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Using Radiocarbon Dating as an Authenticity Proof of a Work of Art

Corinne Chartrelle, expert in the fight against trafficking in cultural goods at École nationale supérieure de la police, tells us about the raising of a dating technique helpful in identifying forgeries.

In 2018, the Central Office for the Fight against illegal Trafficking in Cultural Goods (OCBC), an investigative service of the French Central Directorate of the Judicial Police (DCPJ), dismantled a network of traffickers, more precisely forgers, who were selling fake paintings on the art market. More than 250 paintings were seized at the time. For the first time, OCBC investigators called a team of French researchers from Saclay Laboratory to try to use radiocarbon dating on some of the paintings and prove counterfeit. 

The aim of the request was to know whether providing an accurate date of the works of art investigated was possible and whether the latter could match the period in which the artists were alive and thus able to create them. The scientific analysis is one of the methods used during investigations about authenticity.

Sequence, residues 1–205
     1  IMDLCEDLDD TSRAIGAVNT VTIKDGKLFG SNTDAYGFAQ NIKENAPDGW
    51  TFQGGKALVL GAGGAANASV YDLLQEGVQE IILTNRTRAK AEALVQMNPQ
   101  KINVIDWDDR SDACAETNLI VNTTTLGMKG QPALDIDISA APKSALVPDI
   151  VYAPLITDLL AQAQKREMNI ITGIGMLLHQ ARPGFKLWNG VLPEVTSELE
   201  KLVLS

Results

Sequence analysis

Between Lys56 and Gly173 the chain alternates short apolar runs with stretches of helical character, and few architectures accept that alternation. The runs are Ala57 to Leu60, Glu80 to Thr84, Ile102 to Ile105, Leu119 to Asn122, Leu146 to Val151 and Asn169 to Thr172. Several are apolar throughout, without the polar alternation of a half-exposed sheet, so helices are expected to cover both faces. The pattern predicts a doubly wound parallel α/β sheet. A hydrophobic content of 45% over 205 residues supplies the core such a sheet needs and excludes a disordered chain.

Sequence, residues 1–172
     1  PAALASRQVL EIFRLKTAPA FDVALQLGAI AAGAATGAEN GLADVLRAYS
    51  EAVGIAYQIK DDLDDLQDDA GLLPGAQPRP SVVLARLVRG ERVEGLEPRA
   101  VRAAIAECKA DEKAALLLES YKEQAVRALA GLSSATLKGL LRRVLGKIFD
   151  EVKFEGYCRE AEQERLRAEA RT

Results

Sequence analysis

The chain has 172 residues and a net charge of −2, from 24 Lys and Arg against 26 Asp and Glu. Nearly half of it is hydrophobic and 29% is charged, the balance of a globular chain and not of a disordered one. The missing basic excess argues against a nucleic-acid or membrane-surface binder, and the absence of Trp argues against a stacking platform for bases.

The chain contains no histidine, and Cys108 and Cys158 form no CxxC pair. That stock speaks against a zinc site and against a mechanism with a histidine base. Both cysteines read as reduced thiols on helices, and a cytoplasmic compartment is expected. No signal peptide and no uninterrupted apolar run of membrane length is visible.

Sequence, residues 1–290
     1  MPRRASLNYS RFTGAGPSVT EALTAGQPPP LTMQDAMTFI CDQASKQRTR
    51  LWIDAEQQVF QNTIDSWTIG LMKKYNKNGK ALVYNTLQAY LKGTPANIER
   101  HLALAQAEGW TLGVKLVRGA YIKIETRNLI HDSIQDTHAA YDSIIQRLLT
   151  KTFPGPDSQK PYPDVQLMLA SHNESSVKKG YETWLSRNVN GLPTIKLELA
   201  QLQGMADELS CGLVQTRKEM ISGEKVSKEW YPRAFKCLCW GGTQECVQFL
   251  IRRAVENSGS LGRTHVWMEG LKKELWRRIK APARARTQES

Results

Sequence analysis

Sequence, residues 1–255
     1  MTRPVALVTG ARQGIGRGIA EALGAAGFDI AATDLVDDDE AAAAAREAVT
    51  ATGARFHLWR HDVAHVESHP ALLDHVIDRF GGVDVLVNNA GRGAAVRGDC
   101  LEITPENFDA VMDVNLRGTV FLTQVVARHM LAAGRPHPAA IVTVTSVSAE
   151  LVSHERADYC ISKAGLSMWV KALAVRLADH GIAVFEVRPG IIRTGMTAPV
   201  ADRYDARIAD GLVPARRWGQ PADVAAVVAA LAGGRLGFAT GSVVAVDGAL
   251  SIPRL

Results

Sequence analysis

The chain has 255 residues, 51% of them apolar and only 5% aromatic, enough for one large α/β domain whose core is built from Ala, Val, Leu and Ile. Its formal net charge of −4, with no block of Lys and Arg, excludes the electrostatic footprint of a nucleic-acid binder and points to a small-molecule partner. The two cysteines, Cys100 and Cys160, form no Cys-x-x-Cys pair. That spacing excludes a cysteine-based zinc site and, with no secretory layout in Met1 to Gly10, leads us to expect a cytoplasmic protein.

The works have been carried out by Mrs Lucie Beck and published in April 2022 issue of the Forensic Science International journal. Mrs Beck admits that radiocarbon dating was little used in the art sphere due to its lack of accuracy.

“For periods from XIV to XIX centuries, we can date within a margin of fifty years, at best. For art historians, this is an information of little interest.”

However, everything changed when OCBC investigators asked whether paintings supposed to be earlier than Second World War couldn’t have been performed by the last decades’ forgers.

Why? Because the atomic bombs went through it.

Indeed, since 1945, year of bombing on Japanese towns’ Hiroshima and Nagasaki, further tests took place and this until 1963, when an agreement of partial prohibition of nuclear tests was signed across countries. Mrs Beck explains that a lot of 14C was produced during these open air tests, to the point that the concentration in the atmosphere doubled. This phenomenon is called “bombs peak” by researchers. According to 14C amount in a sample, a painting can thus be dated before or after 1950. In the case of the OCBC investigation, two paintings supposed to have been performed by two artists dead in the 1940s, Henri Martin and Blanche Hoschédé-Monet, were submitted to this scrutiny.

The analysis dealt with linen and wooden chassis samples, together with a hair from a brush stuck in the varnish. If no information came from the wood, probably because of a contemporary frame (ancient frames are frequently used by the forgers), fibres would have spoken. They came from plants that grew after 1950 and likely dating from the 2000s.

This experience highlighted that these paintings were not original works of art. 


Pierre Barthélémy Journal le Monde 21/02/2022

Forensic Science International 7/02/2022


Corinne Chartrelle, ENSP


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